Companies cannot rest on their laurels and be lazy. If they do, the next of the catastrophic man-made Supply Chain disasters is heading your way. None of the companies saw the above events coming, even though in most cases they should have. No one is immune.
Which catastrophic man-made Supply Chain disasters would you add to this list?
The Internet of Things (IoT) is a network of physical devices and objects that are connected to the Internet and sometimes each other. This is a network that’s getting bigger and bigger every day given the benefits of IoT.
They are connected via sensors and they can collect and exchange information about how they’re used and what’s around them. IoT is poised to have a big impact economically and socially, so this article will outline the benefits it has on supply chain management.
2022 has been a year of dramatic dynamics and events, some unforeseen and others unexpected.
On one hand we are on the tail end of the Coronavirus pandemic (but still not out of the woods) however the Supply Chain disruptions caused by the pandemic continue with more and different products being affected for the foreseeable future.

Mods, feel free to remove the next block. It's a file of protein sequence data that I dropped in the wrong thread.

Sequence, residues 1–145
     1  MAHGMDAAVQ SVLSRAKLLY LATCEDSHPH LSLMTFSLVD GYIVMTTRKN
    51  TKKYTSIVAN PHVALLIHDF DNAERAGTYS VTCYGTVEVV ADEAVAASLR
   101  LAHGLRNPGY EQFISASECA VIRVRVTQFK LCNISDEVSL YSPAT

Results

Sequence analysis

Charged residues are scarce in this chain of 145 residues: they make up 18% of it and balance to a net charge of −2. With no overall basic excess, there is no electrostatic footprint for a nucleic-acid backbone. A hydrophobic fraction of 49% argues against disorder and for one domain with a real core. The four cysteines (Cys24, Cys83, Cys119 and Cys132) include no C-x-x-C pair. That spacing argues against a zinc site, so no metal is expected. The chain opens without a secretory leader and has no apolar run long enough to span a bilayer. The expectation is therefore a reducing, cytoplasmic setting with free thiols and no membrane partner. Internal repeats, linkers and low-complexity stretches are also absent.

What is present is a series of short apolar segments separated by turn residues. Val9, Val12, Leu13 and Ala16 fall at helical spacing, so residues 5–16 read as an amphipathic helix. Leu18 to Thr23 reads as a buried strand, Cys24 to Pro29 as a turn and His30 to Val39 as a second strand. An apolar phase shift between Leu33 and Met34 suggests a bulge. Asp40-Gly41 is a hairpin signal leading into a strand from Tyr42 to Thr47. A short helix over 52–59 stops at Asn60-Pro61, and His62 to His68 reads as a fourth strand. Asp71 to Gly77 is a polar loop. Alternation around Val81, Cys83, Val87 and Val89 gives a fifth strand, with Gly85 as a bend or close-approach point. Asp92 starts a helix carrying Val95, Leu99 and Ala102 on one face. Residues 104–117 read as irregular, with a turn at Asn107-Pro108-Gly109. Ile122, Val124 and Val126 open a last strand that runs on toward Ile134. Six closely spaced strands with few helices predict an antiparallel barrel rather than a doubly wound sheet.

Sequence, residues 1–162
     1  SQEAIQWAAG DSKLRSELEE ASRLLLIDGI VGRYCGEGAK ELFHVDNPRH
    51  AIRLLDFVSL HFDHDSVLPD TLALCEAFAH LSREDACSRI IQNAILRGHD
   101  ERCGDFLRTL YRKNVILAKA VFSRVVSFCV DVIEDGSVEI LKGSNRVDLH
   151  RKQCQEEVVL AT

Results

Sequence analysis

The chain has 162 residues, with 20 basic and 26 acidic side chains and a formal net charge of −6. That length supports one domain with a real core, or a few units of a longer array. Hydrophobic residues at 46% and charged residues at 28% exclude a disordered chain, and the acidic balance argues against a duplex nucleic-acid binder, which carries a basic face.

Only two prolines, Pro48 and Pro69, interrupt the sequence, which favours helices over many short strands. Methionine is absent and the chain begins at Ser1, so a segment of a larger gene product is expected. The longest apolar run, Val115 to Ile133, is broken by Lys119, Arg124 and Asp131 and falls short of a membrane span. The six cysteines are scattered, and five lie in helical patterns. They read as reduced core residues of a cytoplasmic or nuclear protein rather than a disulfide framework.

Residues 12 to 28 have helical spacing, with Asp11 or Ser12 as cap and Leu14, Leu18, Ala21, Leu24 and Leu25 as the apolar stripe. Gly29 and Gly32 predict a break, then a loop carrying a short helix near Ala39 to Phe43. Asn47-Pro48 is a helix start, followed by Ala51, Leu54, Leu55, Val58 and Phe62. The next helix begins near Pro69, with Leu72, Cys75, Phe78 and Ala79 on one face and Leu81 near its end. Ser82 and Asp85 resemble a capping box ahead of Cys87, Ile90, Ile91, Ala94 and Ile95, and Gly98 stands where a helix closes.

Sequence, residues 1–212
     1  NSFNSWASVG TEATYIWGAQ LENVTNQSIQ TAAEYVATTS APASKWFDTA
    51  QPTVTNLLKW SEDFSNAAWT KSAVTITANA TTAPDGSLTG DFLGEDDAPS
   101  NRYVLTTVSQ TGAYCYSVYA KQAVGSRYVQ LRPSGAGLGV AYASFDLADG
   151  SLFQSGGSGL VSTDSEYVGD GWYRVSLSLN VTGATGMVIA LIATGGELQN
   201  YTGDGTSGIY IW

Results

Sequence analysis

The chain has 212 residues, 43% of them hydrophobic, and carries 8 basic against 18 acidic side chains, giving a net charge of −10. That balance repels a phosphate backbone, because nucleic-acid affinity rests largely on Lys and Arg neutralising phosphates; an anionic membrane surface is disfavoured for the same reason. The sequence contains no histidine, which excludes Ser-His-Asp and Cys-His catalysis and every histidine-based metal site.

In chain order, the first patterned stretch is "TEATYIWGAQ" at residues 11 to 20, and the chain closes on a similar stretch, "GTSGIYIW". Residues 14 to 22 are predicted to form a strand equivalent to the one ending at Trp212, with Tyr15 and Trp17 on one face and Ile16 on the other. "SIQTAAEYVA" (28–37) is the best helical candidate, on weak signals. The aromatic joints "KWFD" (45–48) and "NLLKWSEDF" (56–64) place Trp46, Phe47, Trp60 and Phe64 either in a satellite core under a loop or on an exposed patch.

The war in Ukraine, inflationary price pressures, and continued political instability continue to impact our daily lives.
The house insulation industry plays a pivotal role in enhancing energy efficiency and sustainability in the construction sector.
However, in recent years, as the experts at Bernardi Building Supply have observed, the industry has been grappling with a myriad of supply chain issues that have the potential to disrupt operations and impede progress towards energy-efficient homes.
From raw material shortages to transportation bottlenecks, understanding and addressing these challenges is crucial for stakeholders in the house insulation sector.
As we come to the end of our 5th year here at Supply Chain Game Changer it’s time to reflect on the tremendous events of the year.
The effects of the Coronavirus pandemic have continued to stretch far and wide, unabated, touching many aspects of all of our lives. Even the supply of Christmas Trees will be impacted in some fashion by the pandemic due to logistics delays, trucker shortages, and environmental forces.
We would like to thank our incredible followers and readers for the ongoing support. Supply Chain Game Changer is recognized as a Top 10 site globally in Supply Chain, Logistics, and Procurement. We’ve been recognized for global Though Leadership and Influence in Change Management, Supply Chain, Management and Education Technology.
And as we ended the year we published our 1000th article! An amazing milestone representing our extensive library with something for everyone.